MORONGO BASIN — Evolutionary biologist Jeremy Yoder will spend time this spring collecting tissue samples from 300 Joshua trees across the desert, hoping to produce a genetic map of them.
The goal is to allow scientists to identify genetic variances in the species.
Scientists need that information to provide insights into which of the trees are more adaptable to climate change. The genetic data would be the first of its kind for the desert species, and could serve as a model for genetically informed desert conservation.
“Joshua trees already exist in a wide range of extreme climate conditions,” Yoder said in a press release from his school, California State University, Northridge.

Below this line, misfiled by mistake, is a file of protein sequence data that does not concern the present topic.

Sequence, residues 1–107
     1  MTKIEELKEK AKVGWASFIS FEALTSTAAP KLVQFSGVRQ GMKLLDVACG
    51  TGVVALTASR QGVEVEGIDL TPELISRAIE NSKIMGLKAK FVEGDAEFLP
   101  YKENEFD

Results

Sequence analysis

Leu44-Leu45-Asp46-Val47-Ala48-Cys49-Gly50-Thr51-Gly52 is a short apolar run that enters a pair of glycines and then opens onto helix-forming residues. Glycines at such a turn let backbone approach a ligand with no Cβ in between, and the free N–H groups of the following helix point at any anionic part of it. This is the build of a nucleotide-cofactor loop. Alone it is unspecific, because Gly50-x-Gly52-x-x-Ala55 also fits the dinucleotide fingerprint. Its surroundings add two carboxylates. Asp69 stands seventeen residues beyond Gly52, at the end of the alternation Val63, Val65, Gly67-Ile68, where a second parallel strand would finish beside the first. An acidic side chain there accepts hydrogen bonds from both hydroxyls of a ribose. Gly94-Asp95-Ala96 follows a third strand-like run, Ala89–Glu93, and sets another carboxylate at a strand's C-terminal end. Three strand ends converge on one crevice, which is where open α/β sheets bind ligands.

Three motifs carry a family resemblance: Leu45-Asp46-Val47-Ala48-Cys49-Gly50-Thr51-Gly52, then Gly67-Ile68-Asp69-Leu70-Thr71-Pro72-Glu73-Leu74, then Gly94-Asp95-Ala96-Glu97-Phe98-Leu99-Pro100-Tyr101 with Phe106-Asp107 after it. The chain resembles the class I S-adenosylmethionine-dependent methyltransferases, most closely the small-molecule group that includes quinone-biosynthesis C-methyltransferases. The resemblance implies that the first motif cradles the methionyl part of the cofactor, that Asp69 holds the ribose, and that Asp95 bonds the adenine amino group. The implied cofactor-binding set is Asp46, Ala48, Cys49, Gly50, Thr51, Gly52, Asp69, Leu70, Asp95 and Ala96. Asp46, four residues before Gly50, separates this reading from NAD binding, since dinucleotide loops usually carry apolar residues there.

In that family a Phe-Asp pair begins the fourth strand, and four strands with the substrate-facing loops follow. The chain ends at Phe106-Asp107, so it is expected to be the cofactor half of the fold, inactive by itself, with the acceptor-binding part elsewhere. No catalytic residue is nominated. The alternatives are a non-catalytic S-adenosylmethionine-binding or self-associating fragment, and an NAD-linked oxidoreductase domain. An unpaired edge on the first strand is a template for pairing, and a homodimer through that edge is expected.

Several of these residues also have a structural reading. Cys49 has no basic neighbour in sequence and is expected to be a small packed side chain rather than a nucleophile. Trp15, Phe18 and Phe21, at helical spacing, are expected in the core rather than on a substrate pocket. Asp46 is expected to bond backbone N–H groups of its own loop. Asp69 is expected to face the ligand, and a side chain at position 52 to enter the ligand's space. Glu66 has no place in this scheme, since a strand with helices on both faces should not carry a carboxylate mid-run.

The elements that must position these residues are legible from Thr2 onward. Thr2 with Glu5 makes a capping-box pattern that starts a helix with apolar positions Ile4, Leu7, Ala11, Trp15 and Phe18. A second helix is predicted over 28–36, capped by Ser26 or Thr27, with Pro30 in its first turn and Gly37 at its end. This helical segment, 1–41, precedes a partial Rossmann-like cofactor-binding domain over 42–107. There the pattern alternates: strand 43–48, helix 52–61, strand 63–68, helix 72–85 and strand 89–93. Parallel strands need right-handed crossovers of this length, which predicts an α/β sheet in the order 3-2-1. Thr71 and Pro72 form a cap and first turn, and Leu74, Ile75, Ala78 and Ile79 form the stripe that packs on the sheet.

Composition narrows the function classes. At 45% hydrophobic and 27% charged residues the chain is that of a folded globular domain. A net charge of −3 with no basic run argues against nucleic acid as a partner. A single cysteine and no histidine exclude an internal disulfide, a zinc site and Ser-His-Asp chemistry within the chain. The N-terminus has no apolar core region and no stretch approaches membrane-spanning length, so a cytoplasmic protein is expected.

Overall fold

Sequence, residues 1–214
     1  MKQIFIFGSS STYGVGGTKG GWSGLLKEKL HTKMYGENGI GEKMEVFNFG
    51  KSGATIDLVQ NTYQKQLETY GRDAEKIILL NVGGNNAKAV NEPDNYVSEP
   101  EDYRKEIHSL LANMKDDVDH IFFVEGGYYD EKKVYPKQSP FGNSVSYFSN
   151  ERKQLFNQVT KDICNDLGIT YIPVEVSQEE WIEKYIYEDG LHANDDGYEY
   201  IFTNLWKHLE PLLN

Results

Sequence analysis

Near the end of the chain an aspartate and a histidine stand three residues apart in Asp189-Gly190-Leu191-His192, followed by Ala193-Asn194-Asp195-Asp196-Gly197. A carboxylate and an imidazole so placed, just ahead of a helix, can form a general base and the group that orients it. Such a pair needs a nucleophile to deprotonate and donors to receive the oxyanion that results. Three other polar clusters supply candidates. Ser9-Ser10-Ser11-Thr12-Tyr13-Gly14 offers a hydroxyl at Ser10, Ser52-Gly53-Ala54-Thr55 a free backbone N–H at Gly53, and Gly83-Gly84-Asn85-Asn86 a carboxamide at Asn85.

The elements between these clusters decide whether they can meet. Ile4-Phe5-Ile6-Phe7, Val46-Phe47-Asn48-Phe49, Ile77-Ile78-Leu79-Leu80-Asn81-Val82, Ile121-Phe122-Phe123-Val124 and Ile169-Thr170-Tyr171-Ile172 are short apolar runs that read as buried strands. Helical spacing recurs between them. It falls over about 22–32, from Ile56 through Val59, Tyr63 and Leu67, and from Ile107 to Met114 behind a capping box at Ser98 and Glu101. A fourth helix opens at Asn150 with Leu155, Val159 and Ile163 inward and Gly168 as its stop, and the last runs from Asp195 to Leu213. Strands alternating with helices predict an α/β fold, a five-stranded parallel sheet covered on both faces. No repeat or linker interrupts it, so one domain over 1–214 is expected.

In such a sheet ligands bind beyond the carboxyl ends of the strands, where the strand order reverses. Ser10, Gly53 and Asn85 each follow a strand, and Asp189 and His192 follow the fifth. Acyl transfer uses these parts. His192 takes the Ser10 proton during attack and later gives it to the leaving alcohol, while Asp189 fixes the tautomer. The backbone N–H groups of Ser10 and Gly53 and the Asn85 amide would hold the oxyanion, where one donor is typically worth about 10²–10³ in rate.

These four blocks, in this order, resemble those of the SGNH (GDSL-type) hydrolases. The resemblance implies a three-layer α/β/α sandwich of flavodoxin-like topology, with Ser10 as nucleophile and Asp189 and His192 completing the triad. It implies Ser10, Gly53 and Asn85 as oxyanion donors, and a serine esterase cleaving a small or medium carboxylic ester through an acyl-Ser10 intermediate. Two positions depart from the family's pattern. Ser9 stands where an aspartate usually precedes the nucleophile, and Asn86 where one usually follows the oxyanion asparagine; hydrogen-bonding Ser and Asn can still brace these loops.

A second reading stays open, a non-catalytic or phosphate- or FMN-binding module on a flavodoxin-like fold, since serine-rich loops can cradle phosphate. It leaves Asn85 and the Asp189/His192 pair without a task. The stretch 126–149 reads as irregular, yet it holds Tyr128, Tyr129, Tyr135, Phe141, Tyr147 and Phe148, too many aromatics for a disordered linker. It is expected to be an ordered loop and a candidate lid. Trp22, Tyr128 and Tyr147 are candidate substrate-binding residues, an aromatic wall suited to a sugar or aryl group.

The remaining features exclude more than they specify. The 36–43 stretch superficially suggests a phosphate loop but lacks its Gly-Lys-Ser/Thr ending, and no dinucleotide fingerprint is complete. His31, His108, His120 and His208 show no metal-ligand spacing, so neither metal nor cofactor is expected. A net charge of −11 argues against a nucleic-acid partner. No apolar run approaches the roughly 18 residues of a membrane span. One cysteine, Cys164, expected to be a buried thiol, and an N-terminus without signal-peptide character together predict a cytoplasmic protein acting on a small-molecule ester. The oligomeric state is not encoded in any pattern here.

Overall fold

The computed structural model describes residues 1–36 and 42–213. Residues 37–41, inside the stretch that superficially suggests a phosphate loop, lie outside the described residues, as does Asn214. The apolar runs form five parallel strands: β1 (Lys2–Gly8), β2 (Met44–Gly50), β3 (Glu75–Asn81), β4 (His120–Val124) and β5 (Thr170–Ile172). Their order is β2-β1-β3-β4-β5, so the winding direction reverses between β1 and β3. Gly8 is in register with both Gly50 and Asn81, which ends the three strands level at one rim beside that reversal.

“If we get the genomic data from as broad a sample of Joshua trees in the Mojave Desert as possible, we can see if there is genetic variation the correlates to those already existing conditions. If there is genetic variation in the species that can handle the warmer climates, we can use that information down the line.”
The knowledge will inform projects like replanting the Joshua tree habitat after something like a fire or a weather disaster, according to Yoder.
Conservation organizations can use the information to determine which Joshua tree seeds are likely to do well in future climates.
Yoder’s project is funded through Wild Genomes, a Revive & Restore competitive grant program designed to accelerate the adoption of genomic sequencing and tissue for applied wildlife conservation.